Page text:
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The Constitution and Separating Children from Parents: Constitutional Issues in Family Court

The Constitution and Separating Children from Parents: Constitutional Issues in Family Court

David Domina et al: Nebraska Lawyer Magazine

Separation of children from parents could not be a more acute concern. It commands the attention of the United Nations. The United States is the only country in the world that has not ratified the Convention on the Rights of the Child adopted by the United Nations and member states in 1989.

The border controversy and separations of children is one highly visible current international political problem. But every day in courtrooms across the United States, parents dissolve their marriages and children are separated from one parent or the other. These separations of a child from a single parent also raise serious legal issues. Until recently, the constitutional dimension of these issues has received little attention.

Domina Law Group is proud to contribute to an elevated awareness of the rights of parents and children to avoid separation from one another. David Domina led authorship by three lawyers of an extended article in the June 2018 Nebraska Lawyer Magazine focusing on the Constitutional issues in family law cases. See,

Domina and his co-authors call into question serious issues about the “best interests of the child” legal standard for determining custody and visitation issues. The standard is so vague that its constitutional dimensions are highly suspect.

The vagueness of this standard often leads to wildly different outcomes even in cases that deal with relatively similar circumstances. Research proves these outcomes often hinge on which judge hears the case, rather than on the law or facts.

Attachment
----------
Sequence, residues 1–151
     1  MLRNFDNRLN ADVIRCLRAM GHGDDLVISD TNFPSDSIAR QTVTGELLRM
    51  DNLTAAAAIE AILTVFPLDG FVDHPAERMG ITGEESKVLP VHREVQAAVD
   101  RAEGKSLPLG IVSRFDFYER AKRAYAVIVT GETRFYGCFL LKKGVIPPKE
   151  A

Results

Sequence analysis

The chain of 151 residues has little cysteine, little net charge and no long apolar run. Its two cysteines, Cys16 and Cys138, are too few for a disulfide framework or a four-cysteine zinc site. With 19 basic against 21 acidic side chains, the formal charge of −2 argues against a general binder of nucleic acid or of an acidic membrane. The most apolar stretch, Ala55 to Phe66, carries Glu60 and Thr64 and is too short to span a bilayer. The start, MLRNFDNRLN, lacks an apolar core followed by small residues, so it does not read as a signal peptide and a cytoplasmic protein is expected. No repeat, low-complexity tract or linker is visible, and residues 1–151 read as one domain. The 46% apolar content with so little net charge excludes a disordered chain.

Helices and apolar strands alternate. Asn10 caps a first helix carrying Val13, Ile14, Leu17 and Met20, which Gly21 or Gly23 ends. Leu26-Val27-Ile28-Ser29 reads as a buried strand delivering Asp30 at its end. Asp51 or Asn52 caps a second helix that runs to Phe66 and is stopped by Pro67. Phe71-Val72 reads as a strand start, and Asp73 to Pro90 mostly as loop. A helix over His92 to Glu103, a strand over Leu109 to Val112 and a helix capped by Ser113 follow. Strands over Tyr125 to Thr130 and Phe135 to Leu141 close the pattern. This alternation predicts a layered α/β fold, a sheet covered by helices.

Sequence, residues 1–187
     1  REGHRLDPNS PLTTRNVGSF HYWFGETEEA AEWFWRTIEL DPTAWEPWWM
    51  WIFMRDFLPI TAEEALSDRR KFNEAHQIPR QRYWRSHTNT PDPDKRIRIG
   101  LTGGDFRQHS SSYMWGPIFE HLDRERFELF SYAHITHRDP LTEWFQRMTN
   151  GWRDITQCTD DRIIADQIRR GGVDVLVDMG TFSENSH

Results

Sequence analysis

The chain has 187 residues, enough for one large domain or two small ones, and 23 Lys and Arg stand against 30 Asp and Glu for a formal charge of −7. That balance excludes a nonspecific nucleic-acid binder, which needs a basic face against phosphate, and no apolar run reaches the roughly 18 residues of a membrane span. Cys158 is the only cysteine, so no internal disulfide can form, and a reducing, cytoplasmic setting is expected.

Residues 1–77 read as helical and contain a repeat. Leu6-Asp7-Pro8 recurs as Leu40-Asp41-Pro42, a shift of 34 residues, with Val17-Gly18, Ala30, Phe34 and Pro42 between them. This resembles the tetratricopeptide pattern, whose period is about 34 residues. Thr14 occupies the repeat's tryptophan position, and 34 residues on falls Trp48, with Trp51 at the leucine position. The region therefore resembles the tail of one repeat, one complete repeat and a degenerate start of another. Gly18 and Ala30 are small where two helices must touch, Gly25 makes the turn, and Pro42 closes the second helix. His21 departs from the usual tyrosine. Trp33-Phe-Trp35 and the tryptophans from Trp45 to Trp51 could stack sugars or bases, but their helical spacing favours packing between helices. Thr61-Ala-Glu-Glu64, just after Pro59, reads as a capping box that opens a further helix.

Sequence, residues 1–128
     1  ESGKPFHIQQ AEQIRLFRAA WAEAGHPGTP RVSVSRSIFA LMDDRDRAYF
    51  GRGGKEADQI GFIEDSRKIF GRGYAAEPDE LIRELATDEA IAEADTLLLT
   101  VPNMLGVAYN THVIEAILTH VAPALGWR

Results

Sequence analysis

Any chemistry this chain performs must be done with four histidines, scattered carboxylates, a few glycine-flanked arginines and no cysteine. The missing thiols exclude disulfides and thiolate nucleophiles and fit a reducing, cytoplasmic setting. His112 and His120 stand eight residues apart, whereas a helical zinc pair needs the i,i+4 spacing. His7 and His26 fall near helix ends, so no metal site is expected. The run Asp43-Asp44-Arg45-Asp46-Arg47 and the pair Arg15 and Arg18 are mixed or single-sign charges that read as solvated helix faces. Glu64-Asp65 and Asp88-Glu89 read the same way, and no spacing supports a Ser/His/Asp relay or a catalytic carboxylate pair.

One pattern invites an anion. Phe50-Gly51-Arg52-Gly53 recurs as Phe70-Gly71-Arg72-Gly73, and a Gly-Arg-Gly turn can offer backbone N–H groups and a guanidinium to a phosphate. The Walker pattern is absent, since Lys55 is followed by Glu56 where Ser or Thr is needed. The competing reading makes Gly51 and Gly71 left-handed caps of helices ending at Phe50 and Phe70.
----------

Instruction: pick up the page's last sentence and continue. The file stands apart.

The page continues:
Equal Protection for Mothers and Fathers

Empirical studies also prove a notable disparity in child custody rulings between mothers and fathers. These studies indicate that equal protection issues are present in family law cases. The Supreme Court ruled recently that child custody decisions:

“cannot be validated on the basis of the State’s preference for an allocation of family responsibilities under which the wife plays a dependent role. No longer is the female destined solely for the home and the rearing of the family, and only the male for the marketplace and the world of ideas.”

Domina’s article, “Yes, Virginia, the Constitution Applies in Family Court, Too: Common Constitutional Issues in Family Law” may be read at the Nebraska State Bar’s website here.


If you are in need of an experienced attorney to help you navigate your legal issues, contact Domina Law Group today to discuss your situation with a member of our firm and learn more about what we can do to help. Fill out our online form today to schedule a case evaluation, or call us at (888) 387-4134 to speak with one of our attorneys over the phone.

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